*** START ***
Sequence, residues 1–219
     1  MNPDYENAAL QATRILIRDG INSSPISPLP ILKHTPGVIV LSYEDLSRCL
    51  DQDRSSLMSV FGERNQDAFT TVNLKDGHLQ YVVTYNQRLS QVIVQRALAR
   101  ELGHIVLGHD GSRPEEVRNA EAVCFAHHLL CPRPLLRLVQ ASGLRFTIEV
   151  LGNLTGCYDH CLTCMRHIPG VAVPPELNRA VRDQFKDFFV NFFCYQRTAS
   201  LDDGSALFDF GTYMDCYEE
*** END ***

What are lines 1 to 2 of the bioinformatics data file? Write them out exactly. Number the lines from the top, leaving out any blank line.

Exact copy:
Sequence, residues 1–219
     1  MNPDYENAAL QATRILIRDG INSSPISPLP ILKHTPGVIV LSYEDLSRCL